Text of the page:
Pharmaceutical Research

, Volume 20, Issue 2, pp 308–318

Microcalorimetric Measurement of the Interactions Between Water Vapor and Amorphous Pharmaceutical Solids

  • David Lechuga-Ballesteros
  • Aziz Bakri
  • Danforth P. Miller
Article

DOI: 10.1023/A:1022406709912

Cite this article as:
Lechuga-Ballesteros, D., Bakri, A. & Miller, D.P. Pharm Res (2003) 20: 308. doi:10.1023/A:1022406709912

Abstract

Purpose. Use a microcalorimetric technique to measure the interactions between water vapor and amorphous pharmaceutical solids and describe the relationship between long-term physical stability and the storage relative humidity (RH) at constant temperature.

Methods. A thermal activity monitor was used to characterize interactions of water vapor with spray-dried amorphous sucrose, lactose, raffinose, and sodium indomethacin. Differential scanning calorimetry was used to measure glass transition temperature, Tg. X-ray powder diffraction was used to confirm that the spray-dried samples were amorphous. Scanning electron microscopy was used to examine particle morphology. Specific surface area was determined by BET analysis of nitrogen and krypton adsorption isotherms.

Results. The moisture-induced thermal activity traces (MITATs) of the materials in this study exhibit general behavior that helps explain the effect of moisture content on the physical stability of the glassy phase at a given storage temperature. At some RH threshold, RHm, the MITAT exhibits a dramatic increase in the energy of interaction between water vapor and the glass that cannot be explained by a phase or morphology change. Calorimetric data indicate that water vapor-solid interactions are reversible below RHm; above RHm, energetic hysteresis is observed and water-water interactions predominate. In addition, the MITAT was deconvoluted into sorptive and nonsorptive components, making it possible to assign the observed heat flow to unique thermal events. Samples stored at a RH just below RHm for more than 2 months show no evidence of morphology or phase change. In addition, the MITAT can be deconvoluted into sorptive and nonsorptive components by using a twin-calorimeter arrangement. This analysis provides specificity to the microcalorimetric analysis and helps explain the nature of the physical changes that occur during the hydration glassy phase.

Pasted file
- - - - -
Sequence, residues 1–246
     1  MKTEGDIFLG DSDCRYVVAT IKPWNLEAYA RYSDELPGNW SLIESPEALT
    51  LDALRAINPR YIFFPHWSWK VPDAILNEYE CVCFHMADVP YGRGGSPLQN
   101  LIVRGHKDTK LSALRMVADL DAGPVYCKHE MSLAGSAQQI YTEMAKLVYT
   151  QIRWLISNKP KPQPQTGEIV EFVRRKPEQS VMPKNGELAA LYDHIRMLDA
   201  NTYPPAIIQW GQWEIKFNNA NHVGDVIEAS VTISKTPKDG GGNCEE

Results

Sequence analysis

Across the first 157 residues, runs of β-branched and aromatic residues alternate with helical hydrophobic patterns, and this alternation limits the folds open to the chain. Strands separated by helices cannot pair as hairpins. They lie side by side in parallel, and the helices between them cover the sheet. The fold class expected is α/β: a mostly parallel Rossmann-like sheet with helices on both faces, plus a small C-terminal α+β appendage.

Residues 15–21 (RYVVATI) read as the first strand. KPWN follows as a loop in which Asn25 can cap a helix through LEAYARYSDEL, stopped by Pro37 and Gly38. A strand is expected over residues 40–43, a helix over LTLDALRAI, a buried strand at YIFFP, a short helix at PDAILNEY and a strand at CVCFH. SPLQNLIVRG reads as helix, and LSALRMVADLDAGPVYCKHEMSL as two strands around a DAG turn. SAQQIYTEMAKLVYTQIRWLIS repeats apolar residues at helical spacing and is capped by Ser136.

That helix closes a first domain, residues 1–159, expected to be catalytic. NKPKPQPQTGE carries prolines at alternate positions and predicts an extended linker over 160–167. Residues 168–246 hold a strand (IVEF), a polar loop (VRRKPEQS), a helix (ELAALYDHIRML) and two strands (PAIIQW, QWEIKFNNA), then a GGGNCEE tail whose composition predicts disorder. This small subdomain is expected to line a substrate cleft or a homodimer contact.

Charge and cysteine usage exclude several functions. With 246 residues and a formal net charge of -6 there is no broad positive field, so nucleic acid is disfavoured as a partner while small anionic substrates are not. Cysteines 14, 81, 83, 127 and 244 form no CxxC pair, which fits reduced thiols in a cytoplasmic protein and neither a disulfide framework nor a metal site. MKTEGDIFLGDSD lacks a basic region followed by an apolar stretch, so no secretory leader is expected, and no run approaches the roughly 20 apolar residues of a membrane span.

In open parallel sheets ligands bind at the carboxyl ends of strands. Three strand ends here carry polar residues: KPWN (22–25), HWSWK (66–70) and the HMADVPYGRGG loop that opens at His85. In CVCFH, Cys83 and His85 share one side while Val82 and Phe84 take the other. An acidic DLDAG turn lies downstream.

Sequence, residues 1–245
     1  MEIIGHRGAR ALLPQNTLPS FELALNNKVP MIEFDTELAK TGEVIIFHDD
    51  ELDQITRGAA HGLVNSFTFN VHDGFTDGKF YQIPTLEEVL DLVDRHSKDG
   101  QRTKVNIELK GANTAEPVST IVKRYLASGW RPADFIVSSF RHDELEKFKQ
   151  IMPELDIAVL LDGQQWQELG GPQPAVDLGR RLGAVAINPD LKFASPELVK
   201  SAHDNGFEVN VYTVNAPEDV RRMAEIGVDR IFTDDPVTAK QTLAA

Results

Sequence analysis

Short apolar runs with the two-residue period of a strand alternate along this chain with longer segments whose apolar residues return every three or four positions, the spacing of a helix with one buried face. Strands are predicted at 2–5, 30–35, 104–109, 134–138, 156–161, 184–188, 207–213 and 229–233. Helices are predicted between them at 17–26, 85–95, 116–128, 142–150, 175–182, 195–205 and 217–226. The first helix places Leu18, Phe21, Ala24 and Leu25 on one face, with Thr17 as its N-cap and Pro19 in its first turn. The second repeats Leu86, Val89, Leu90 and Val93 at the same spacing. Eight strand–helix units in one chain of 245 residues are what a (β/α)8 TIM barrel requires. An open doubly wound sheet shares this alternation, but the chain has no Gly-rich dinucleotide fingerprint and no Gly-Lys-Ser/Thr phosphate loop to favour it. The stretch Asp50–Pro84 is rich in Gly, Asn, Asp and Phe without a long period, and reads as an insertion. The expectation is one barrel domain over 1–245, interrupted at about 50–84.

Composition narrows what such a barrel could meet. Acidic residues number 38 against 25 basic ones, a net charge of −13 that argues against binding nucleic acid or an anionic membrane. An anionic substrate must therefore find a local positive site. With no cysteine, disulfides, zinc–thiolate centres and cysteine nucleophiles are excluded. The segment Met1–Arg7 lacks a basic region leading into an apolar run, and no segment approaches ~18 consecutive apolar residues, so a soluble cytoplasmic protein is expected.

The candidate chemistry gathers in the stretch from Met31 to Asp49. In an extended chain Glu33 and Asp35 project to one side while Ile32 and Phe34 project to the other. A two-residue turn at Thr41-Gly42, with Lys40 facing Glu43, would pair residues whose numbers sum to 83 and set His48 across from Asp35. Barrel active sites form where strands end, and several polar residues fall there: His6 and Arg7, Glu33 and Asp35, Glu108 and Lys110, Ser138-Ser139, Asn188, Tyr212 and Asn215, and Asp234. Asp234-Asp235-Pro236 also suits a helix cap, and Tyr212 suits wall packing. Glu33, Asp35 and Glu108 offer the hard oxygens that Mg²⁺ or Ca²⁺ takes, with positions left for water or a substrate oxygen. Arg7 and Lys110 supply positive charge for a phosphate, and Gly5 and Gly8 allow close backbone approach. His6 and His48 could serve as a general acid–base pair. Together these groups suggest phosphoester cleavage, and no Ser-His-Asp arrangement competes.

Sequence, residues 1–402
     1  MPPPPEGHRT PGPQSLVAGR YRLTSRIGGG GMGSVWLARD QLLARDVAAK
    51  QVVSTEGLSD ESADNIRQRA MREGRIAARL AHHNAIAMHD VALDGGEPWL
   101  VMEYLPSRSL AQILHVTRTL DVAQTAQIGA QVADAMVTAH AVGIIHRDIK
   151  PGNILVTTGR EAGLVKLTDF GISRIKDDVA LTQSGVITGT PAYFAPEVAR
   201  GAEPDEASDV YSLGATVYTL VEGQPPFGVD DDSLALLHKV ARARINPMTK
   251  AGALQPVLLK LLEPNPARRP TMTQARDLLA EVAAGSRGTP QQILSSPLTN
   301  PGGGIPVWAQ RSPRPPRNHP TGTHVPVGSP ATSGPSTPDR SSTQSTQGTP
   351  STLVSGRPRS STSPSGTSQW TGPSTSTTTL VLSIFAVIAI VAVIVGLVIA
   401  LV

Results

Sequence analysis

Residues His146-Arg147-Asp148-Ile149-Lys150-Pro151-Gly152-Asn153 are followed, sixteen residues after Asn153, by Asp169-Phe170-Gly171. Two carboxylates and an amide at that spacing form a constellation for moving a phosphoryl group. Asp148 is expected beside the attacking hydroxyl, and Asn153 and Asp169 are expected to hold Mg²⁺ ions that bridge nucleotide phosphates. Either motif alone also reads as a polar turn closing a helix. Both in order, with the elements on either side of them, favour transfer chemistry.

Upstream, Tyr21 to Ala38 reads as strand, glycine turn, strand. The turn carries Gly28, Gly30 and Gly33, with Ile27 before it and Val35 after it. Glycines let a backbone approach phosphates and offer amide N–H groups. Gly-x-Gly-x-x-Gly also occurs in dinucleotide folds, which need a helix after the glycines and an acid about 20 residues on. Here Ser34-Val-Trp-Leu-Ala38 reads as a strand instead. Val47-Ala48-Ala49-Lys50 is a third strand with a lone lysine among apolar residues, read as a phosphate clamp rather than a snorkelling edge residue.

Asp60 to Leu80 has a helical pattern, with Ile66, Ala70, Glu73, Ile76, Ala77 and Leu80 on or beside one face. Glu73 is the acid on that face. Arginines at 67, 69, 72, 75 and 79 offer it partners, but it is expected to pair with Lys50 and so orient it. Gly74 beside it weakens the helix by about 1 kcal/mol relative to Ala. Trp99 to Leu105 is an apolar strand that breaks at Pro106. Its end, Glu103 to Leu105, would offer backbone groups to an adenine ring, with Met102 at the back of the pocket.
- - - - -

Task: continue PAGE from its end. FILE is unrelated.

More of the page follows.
Conclusions. The MITAT is a useful tool to determine the onset of moisture-induced physical instability of glassy pharmaceuticals and may find a broad application to determine appropriate storage conditions to ensure long-term physical stability.

microcalorimetryMITATglass transition temperatureBET monolayerhydration limitstability

Copyright information

© Plenum Publishing Corporation 2003

Authors and Affiliations

  • David Lechuga-Ballesteros
    • 1
  • Aziz Bakri
    • 2
  • Danforth P. Miller
    • 1
  1. 1.Inhale Therapeutic Systems, Inc.San Carlos
  2. 2.Formulation and Process Engineering, Faculty of Pharmacy, ISERMUniversité Joseph Fourier at GrenobleFrance